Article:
LONDON – Short films have always gotten short shrift when it comes to distribution. Unless nominated for an Oscar or making a splash at a festival, chances are audiences and Hollywood alike may have missed a minor masterpiece. But a host of dot-coms are bringing movies to computers everywhere and launching careers via the ‘Net.
One of the first out of the gate — and the first site of its kind to establish a European office in London — AtomFilms is providing makers of short films with a wide distribution platform. Their acquisition staff of 14 people scour festivals around the globe, nabbing product that will be exploited on the ‘Net as a vital part of their overall distrib package to airlines, broadcasters and cinema outlets.
Michael Comish, Atom’s managing director for Europe, says shorts are entering a renaissance thanks to the Web. “In the U.S., shorts have always only been a calling card for those that are trying to get to the second stage,” says Comish. “The European market is different. Shorts have existed for some time as content. Almost every country supports their production through financing.”
Atom’s site promotes the art form as well as providing industry exposure. “If you’re a filmmaker in Leeds, the L.A. talent hasn’t had access to you. They do now,” Comish says.
And more creatives are joining the fray. British animation house Aardman Studios, known for the popular Wallace & Gromit characters, is launching its new series “Angry Kid” exclusively online via the Atom site. One episode, “Bone,” is entered in competition at the Cannes Intl. Film Festival.
“There’s a hunger for short material because it works so well online,” says Aardman’s Michael Rose. “‘Angry Kid’ is very different from what we’ve done before. It’s irreverent, it’s not family viewing so we felt the Internet was an ideal place to distinguish it from our other work.”
Aardman also has several animated features in the works, including the upcoming Mel Gibson-voiced “Chicken Run” with DreamWorks, who’ve hopped on the short-film bandwagon with the imminent launch of Pop.com.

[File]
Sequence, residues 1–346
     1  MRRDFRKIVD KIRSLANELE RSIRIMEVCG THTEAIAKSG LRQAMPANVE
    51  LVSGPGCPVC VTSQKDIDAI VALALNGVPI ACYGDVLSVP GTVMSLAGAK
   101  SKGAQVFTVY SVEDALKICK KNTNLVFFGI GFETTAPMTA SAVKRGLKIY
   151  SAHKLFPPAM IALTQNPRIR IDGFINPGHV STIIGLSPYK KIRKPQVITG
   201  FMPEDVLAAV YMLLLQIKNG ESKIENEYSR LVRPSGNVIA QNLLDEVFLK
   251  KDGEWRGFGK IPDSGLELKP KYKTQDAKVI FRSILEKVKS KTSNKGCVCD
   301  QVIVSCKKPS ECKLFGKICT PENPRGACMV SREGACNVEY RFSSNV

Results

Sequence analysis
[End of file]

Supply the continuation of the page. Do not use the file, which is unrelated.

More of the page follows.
A host of competitors are about to hit the market with several new U.K.-based sites launching over the next four months — and each new Webcaster is out to carve a niche.
Switch2.Net is readying for a June launch. Exec Tony Cross says the site will make its mark with British-based product that “looks toward Europe rather than America” by championing the little guy.
“We’re trying to break the rules a little bit,” declares Cross. “We want to break the movies not because they’ve won an award or played a festival, but because we feel they deserve a bigger platform.”
Switch2.Net will acquire its irreverent, youth-oriented fare by sponsoring grassroots and underground film festivals across Britain in the coming year.
Launching in May, and also focusing on British filmmakers, InMovies.com hopes to land consumers through shorts and build up to offering features online. Acquiring Internet rights only, InMovies offers competitive fees for product. “We pay a lot more money for exclusive rights,” the company’s Laurence Penn remarks, “You get what you pay for.”
For short-film makers the question of fees is only part of the focus. Many see their future in the ‘Net and, like studios, Webcasters aren’t just looking to screen movies but form lasting relationships.
Alex Jovy’s Oscar-nominated “Holiday Romance” is screening on the Atom site while the director readies his first feature, “Sordid,” for a Cannes Market premiere. The Atom team will promote both with an online interview with the director and a trailer for the feature.
“It’s like a dream come true for any filmmaker,” says Jovy, “It’s the future. There is no other route now available to sell. It’s such an easy tool to access a larger audience.” And it’s energizing young filmmakers.
The sibling team of Charlie and Tom Guard will see their award-winning love story “Inside Out” premiere on Atom’s site shortly after it makes its Cannes debut in the Kodak Showcase.
“I think the Internet will challenge filmmakers to explore new areas,” says Tom Guard. “It will definitely have an influence on the way films are made.”
The Web has made such heavy inroads into the short-film market that it’s affecting even the earliest stages of the traditional way films are financed.
Take the U.K’s nonprofit Short Film Bureau, which acts as a middle man between filmmakers and traditional distrib venues. The SFB will be changing course — and its non-profit status — when turning to the ‘Net in a few months with its own deal to showcase product.
Tiger Lily Prods., a U.K. venture that’s produced 15 shorts, is adjusting its strategy for the ‘Net. Founder Natasha Dack says with previous films, the producers sold online rights as part of a acquisition package to broadcasters such as the BBC and FilmFour Lab. But with its latest film, “Bright as Fire,” scheduled to begin production this summer, Tiger Lily along with the film’s producer, Jules Hussey, specifically withheld the Internet rights in order to exploit the online market.